Former White House CIO Theresa Payton (l.). PHOTO: Cybercrime Magazine.

Two Moms Phishing And Goofing Off In Cybercrime Magazine’s Studio

Former White House CIO and Cybercrime Magazine guest host Theresa Payton comes to town

Ruth Bashinsky, Senior Editor

Northport, N.Y. – Sep. 16, 2019

When I first met Theresa Payton (two weeks ago) my immediate reaction was, “What a cool mom!”

Theresa is one of the most influential experts on cybersecurity and IT strategy in the country. She is the go-to for anything that has to do with Internet security, data breaches, and fraud mitigation. 

While moms like myself were doing other cool things back in the mid-2000s, Theresa was the White House CIO — the first female to serve in that role — overseeing IT operations for President George W. Bush and his staff.

You’re probably thinking she is super cool and you want to meet her too.

Today, Theresa is the CEO of Fortalice Solutions, a risk, fraud, and cybersecurity company that helps businesses and government organizations protect themselves and the privacy of their information from emerging cyber threats.

She is also the mother of three active teenagers.

Not to change the subject but did you ever see the movie “The Incredibles”?

Theresa kind of reminds me of Helen Parr, the actress who plays the character Mrs. Incredible, aka Elastigirl, and she too has three kids. Disney describes Mrs. Incredible as an excellent operative, hand-to-hand combatant, and tactician.

Theresa may not have the flexibility superpower to stretch, mold and reshape her body in all sorts of ways like Helen (at least I don’t think she can) but both women and moms share the same mission to get the villains. Another similarity I just discovered. I think they both have the same color hair.

Just in case you aren’t familiar with The Incredibles, then you may have seen Theresa on the CBS’ reality TV show “Hunted,” which is about a group of “hunters” with military and law enforcement backgrounds trying to catch contestants who’ve gone off the grid.

Anyway.

Last month, Theresa flew in from her home base in Charlotte, N.C., to our studios in Northport, N.Y., where she would be recording the next 26 episodes of our “CISO Minute” podcast series, which will be sponsored by KnowBe4, provider of the world’s largest security awareness training and phishing simulation platform.

At one point, Theresa and I got talking on phishing. We took the conversation across the hall and our production crew filmed a podcast interview. We discussed how sophisticated scams — both phishing and spear-phishing — are today and the effect they are having on companies nationwide.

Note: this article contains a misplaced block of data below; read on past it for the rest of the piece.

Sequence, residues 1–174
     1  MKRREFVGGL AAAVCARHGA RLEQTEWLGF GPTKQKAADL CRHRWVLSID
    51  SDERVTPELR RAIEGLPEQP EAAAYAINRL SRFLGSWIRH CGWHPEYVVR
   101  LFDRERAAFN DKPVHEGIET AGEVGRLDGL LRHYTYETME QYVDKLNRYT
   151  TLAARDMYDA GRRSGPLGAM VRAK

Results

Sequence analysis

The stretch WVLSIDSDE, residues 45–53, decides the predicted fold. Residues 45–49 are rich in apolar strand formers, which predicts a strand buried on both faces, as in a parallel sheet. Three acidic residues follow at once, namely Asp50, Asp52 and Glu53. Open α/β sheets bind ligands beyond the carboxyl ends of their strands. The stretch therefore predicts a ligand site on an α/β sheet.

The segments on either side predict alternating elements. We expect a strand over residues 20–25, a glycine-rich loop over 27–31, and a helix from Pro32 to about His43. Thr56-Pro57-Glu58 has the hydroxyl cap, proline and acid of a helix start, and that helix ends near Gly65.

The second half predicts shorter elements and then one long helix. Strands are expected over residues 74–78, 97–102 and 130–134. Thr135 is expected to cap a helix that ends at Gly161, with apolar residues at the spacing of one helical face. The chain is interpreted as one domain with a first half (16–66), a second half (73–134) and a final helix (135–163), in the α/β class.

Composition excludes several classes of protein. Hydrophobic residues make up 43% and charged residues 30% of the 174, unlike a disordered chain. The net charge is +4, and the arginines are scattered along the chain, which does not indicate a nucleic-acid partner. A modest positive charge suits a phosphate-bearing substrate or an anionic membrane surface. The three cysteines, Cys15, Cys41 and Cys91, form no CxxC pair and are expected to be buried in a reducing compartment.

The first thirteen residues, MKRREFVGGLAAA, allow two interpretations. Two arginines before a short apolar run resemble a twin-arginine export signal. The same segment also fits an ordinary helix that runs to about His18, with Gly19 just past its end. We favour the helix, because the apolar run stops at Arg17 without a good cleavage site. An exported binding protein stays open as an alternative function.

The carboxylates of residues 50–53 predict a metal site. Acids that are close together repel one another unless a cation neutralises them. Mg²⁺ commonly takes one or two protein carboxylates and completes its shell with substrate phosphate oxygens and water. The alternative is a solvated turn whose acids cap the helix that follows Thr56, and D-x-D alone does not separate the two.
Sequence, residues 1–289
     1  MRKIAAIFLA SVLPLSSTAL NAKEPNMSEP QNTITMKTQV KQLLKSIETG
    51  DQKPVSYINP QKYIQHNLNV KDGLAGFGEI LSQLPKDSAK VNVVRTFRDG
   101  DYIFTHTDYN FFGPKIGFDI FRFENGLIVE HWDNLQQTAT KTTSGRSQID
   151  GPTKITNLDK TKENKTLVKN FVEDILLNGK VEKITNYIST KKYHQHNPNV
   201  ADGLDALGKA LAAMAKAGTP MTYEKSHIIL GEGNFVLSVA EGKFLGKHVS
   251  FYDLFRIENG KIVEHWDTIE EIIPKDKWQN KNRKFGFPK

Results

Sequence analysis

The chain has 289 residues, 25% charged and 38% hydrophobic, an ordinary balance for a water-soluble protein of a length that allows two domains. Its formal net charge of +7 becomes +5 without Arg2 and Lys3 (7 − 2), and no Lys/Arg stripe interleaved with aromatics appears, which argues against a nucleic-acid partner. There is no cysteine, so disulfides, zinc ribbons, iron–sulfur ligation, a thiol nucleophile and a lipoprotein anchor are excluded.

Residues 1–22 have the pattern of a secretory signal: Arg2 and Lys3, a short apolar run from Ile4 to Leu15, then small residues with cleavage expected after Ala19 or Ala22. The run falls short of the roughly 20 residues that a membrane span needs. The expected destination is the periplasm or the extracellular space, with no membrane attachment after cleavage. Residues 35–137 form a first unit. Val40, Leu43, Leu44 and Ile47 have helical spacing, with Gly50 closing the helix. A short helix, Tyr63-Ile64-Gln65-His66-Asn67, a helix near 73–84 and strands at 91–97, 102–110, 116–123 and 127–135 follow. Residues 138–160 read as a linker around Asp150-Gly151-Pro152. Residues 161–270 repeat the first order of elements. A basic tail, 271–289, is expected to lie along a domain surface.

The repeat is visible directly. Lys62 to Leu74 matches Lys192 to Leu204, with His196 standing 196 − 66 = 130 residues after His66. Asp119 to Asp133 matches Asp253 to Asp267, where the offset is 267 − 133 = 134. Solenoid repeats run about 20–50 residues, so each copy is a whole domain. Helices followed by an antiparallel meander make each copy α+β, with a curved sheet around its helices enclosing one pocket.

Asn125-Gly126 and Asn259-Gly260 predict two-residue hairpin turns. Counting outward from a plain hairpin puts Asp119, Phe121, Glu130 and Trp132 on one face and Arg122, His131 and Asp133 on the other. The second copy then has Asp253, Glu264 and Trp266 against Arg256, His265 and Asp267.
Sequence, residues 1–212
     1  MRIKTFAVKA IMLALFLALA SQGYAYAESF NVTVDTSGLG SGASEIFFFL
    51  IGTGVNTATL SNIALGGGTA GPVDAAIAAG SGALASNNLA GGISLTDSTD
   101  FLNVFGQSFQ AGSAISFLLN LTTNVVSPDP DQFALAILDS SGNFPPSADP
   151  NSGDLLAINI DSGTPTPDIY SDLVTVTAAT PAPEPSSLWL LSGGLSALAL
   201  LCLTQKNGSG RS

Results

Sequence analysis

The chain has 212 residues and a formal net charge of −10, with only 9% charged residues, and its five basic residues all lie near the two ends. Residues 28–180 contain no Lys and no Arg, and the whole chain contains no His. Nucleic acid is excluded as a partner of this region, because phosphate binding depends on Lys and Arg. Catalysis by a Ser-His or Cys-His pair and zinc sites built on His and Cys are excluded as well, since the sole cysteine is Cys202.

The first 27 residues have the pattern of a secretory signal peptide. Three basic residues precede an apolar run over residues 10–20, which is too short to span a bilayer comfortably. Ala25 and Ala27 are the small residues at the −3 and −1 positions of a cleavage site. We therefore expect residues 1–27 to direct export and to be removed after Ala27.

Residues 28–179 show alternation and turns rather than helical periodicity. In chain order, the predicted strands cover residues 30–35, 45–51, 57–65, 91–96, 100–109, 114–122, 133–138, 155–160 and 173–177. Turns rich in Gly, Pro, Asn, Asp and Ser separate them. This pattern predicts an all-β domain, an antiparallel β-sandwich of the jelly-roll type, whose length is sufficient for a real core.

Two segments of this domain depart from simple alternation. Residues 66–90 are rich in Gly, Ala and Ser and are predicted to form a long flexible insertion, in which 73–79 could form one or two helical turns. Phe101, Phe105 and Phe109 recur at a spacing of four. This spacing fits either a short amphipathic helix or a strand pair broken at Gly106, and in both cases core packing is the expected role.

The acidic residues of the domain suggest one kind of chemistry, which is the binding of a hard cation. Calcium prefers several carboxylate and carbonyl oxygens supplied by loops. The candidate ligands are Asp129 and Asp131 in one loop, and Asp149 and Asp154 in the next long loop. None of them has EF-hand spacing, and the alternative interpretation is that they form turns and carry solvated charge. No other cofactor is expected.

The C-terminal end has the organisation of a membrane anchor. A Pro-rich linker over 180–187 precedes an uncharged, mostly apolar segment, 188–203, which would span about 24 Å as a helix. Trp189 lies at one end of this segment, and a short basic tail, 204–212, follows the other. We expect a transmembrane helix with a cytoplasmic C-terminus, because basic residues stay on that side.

“It (phishing) is very prevalent. Firms are struggling to keep up,” Theresa points out. “100 percent of the companies that we work with find phishing emails that are getting passed through their security filters to their employees. Luckily with training, the employees are reporting this.”

An interesting point Theresa raises is knowing what to do when you see something that doesn’t seem right. Some of these red flags include an email that is trying to get you to act fast or act now and an email that asks you for any private information or credentials.

“I tell people to think about the things that companies will never do. For example, your bank will never send you an email saying, ‘We see a problem with your account. Click this helpful link here and type in your banking account credentials.’ That is a red flag. Either call customer service, go to a branch or go to your banking website to see if you have a notification from them.”

The latest phishing scam Theresa shares is one on Instagram that targets younger people like our kids.

The cybercriminals are using social media platforms by sending things through messaging and texting to entice them to click on the links and open up the attachments. These young people think they either won a gift card or that they are getting a message from their friend or school.

Both deceptive and dangerous.

Theresa offers her best advice for young people: “Do not click on the link or open the attachment — it is one of the worst things you can do in the moment.”

She adds, “Just because you are not checking emails, it doesn’t mean you are not being targeted by cybercriminals for phishing scams. They are just going to come at you in a different way in a different platform.”

As someone who protects the public for a living, the first place Theresa gets to practice is at home and has a game she plays with her kids.

It’s not Fortnite or Monopoly, but a game she created that teaches her children how to be more vigilant when they get a fishy email.

“Before they delete it I tell them to screenshot it and send it to me. It’s hilarious,” she says with enthusiasm. “We have seen the worst phishing emails and scams and ridiculous claims. I have taught each one of them how to report it.”

And, guess what? They seem to be listening.

She says proudly, “They are typically the first ones in their friends’ group to say, ‘Hey don’t click on that!’ or ‘Don’t respond to that!’”

She encourages others to do the same. “Awareness starts at home. Have fun with it. Show each other different scams you are seeing. It can be a great way to raise your level of awareness and spread the word.”

When we finished filming, it was just two moms goofing off — the perfect way, I think, to end the day. And we didn’t even get seasick!

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Ruth Bashinsky is the Senior Editor at Cybercrime Magazine.



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